WSJ Contest — Friday, June 10th, 2022

Grid: 20 minutes; meta: 10 more 


Mike Shenk’s Wall Street Journal contest crossword, “Think of a Number…” — Conrad’s writeup.

WSJ Contest – 06.12.22 – Solution

WSJ Contest – 06.12.22 – Solution

We’re looking for a 12-letter phrase this week. I saw the theme quickly: lots of ONEs and TENs in the grid. I spotted BETWEEN (clued as ‘Word that often follows “Think of a number…”‘) and then… forgot about it for a while. I had four ONEs and four TENs, and thought I needed four more numbers to make twelve. I saw ONE in NONEED, but that was it. I re-scanned the grid, spotted BETWEEN again, and realized that the horizontal ONEs and TENS were parallel with each other, leaving three letters in between.

The sandwiched letters spell STATELOTTERY, our contest solution. Impressive construction by Mike. I suppose you could quibble about the stray down ONE, but the answer is a 100% lock, so… why bother. I ended with Wire‘s Three Girl Rhumba (opening line: Think of a number…) for Matt‘s Elastica-themed May 20th WSJ Meta. Then I solved this meta (think of a number). My wife and I went to the Sagamore Hill last night and they played… Wire’s Three Girl Rhumba (think of a number). First time I’ve heard it in the wild since 1980-something. Here’s the story of Lyndon, Sagamore Hill’s stolen Canada lynx. Happy to report that Lyndon is back.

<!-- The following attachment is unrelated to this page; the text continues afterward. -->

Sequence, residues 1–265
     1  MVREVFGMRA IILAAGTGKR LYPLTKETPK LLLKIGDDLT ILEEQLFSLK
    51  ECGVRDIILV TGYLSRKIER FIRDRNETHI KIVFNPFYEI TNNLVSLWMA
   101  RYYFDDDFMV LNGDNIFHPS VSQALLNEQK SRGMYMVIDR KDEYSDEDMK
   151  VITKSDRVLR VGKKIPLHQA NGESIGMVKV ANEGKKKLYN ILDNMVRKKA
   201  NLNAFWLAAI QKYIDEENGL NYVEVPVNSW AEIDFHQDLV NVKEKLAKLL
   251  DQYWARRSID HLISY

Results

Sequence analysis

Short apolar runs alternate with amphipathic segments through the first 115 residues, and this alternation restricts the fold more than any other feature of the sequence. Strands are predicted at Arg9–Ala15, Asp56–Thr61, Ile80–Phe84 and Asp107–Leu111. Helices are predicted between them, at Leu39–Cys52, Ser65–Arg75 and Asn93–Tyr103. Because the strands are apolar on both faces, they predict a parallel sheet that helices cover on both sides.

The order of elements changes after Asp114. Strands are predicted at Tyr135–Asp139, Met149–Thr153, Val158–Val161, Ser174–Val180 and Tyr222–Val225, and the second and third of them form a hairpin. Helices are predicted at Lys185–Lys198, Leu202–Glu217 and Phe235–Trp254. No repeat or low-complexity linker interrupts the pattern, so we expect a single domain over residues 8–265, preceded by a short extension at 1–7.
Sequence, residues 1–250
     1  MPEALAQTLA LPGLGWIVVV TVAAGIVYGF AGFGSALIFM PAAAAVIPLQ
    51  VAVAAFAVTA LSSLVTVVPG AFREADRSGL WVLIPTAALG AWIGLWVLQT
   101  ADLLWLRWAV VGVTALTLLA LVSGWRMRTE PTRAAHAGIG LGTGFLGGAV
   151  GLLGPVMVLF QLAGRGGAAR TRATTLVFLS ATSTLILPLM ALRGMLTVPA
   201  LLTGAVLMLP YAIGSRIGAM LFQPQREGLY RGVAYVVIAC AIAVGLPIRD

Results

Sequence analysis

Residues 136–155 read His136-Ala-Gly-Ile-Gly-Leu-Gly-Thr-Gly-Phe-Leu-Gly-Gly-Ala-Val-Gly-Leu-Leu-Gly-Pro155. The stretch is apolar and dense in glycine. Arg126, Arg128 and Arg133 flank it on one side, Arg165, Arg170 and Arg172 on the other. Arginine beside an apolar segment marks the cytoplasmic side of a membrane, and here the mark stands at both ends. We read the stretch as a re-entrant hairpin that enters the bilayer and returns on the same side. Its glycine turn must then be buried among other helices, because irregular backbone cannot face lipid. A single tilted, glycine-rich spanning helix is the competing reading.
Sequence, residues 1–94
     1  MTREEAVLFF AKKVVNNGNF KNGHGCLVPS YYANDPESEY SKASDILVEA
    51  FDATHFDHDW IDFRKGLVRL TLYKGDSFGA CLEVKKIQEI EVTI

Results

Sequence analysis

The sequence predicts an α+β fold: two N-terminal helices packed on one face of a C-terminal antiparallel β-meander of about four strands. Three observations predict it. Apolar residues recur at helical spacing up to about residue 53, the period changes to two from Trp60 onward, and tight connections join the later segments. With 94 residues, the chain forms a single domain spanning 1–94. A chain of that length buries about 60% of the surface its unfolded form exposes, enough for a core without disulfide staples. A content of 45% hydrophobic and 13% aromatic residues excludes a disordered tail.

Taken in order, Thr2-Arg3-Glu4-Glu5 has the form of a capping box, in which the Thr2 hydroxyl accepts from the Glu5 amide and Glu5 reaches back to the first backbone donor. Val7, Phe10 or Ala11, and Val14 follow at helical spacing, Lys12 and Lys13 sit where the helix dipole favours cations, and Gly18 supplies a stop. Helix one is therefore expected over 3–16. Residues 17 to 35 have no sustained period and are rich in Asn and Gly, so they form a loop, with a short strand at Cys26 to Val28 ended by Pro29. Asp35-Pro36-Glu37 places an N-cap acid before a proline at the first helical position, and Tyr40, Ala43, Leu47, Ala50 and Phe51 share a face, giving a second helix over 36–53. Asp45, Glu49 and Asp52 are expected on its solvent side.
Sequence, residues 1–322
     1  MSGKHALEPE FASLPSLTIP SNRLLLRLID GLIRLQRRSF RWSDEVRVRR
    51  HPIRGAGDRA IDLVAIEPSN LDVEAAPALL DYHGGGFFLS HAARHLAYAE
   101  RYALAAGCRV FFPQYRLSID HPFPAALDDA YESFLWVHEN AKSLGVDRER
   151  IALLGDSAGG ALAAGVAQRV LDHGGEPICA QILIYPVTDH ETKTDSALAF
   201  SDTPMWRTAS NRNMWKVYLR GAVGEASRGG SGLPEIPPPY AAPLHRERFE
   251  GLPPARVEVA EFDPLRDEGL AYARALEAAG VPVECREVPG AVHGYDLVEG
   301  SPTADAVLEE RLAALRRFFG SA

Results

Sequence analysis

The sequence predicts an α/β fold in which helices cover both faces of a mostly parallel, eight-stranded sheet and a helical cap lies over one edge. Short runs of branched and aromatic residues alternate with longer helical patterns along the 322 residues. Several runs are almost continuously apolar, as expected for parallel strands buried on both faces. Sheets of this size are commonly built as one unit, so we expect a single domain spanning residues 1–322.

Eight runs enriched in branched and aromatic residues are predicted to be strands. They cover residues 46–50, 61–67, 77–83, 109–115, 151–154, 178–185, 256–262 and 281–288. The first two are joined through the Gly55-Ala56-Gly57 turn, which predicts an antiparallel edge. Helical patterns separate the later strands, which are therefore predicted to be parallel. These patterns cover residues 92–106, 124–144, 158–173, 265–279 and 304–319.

The universe is clearly telling me to violate my unwritten rule of never ending with the same song twice. Think of a number.


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3 Responses to WSJ Contest — Friday, June 10th, 2022

  1. Bob says:

    For some reason I just happened to notice the ONE at the top left and the TEN at the bottom right first and was convinced there was a diagonal 12-letter phrase between the two. It then took a minute or two to see the other ONEs and TENs and find the letters between. And of course the state lottery usually involves choosing a number, so there’s that too.

  2. Mark says:

    Huge rabbit hole…the number of double letters in the grid. Never escaped it.

  3. Ellen+Nichols says:

    I saw all the ONEs and TENs in the grid, and fortunately circled them (I solve tougher puzzles on paper.) The first twelve letter phrase I thought of was “From one to ten”, but that seemed incomplete. I had noticed BETWEEN while solving, so when I looked again at the whole grid, I saw how ONE and TEN were paired with letters between them, and the penny dropped. Thanks for an easier meta, Mr. Shenk.

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